Ramirez cut his teeth, and no doubt his hands more than once, rolling cigars since childhood at the Romeo & Juliet factory in Havana. In the early 1990s, he floated his way to American citizenship aboard a handmade tire raft during the Mariel boatlift, which landed him in Guantanamo.
Many months later, he found himself in Las Vegas rolling his way to a new life at Don Pablo Cigar Co. At the small Strip-side factory, about 200 cigars per day are rolled by a small cadre of Cuban refugees — hence allowing for the advertising of Cuban cigars, but the description of where it was rolled has somehow gone missing.
Ramirez rolls his own cigars now and sells them for $10 a pop at Havana Republic. He knows just where to buy the aged leaves, and his experienced hands have just the right density and weight to create the perfect smoke.
He boasts that George Hamilton and Dana Carvey are among his customers. On this night, it's three customers from Los Angeles who have stopped by for a bachelor send-off before one of them gets married the next day.
The future father-in-law takes a deep draw and gives a smile of approval. His life has been full of true Cubans, and this specimen toes the line.
Havana Republic sells other brands: Diamond Crown Robustos, H. Upmanns, Romeo & Juliet Churchills. But people come for Ramirez's personal handiwork. And they keep coming. In walks a man from Philadelphia and then a woman from Dallas. Both had been bowled over by these specimens the last time they were in Vegas and have come back for more.
Ramirez puts the cigars in baggies and chats with each of them like a long-lost cousin. Business has been all the more brisk since the smoking ban, which left cigarette and cigar smokers with nowhere to go.
Still, Ramirez does not know whether this store will be around in six months or whether he will be in it. But he does know he will be producing his well-sought smokes, which he calls Bariay 1492, after a village on the northeast coast of Cuba that saw the confluence of the Old World and New with the landing of Columbus.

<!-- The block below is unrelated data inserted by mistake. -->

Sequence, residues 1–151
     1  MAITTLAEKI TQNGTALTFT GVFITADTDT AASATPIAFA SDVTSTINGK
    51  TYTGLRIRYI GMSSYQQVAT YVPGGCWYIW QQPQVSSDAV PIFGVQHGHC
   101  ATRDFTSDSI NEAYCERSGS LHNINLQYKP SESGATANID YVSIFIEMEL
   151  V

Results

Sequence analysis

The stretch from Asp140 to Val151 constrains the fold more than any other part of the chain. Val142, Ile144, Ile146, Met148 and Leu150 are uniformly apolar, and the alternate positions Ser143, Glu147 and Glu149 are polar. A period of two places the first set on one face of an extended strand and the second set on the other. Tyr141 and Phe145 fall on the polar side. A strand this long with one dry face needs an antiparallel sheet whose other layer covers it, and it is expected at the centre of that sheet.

"This is Vegas," he says. "Things change."
What hasn't changed of late is the sight of young men having mojitos and cigars in riotous conversation at such places as Cuba Libre at the Hard Rock or Houdini's at Monte Carlo.
A more sedate scene can be found at Napoleon's along Le Boulevard at Paris or Gustav Mauler's cigar bar at JW Marriott, created by chef Mauler and featuring Partagas, Arturo Fuente, Cohiba and Gustav Mauler hand-rolled cigars.
Those who like to huff and puff can pay homage or cash to the kings of the tobacco in Las Vegas: Michael and Robert — the Frey Boys.
Besides their large ownership stakes in Casa Fuente, they operate several well-placed and luxuriously supplied outlets at Caesars Palace as well as the Rio, New York-New York, Monte Carlo and the Smith & Wollensky steak house on the Strip. Patrons can come away with a $7 Nicaraguan house brand or an $85 pre-embargo Havana Short Story and walk it to the smokers-wanted destination of their choice.
Those who are really into cigars — for the smoke and only the smoke — can find like-minded peers at the Big Smoke, coming to the Venetian on Nov. 9 and consisting of three days of seminars, smoking and tasting. No Tiparillos here.
Naturally, such a weekend of true indulgence does not come cheap. Expect to pay $520, even before making room reservations. And best to make those reservations early if a smoking room is part of the order; they're becoming as scarce as single-deck blackjack tables on the Strip.Copyright © 2015, Los Angeles Times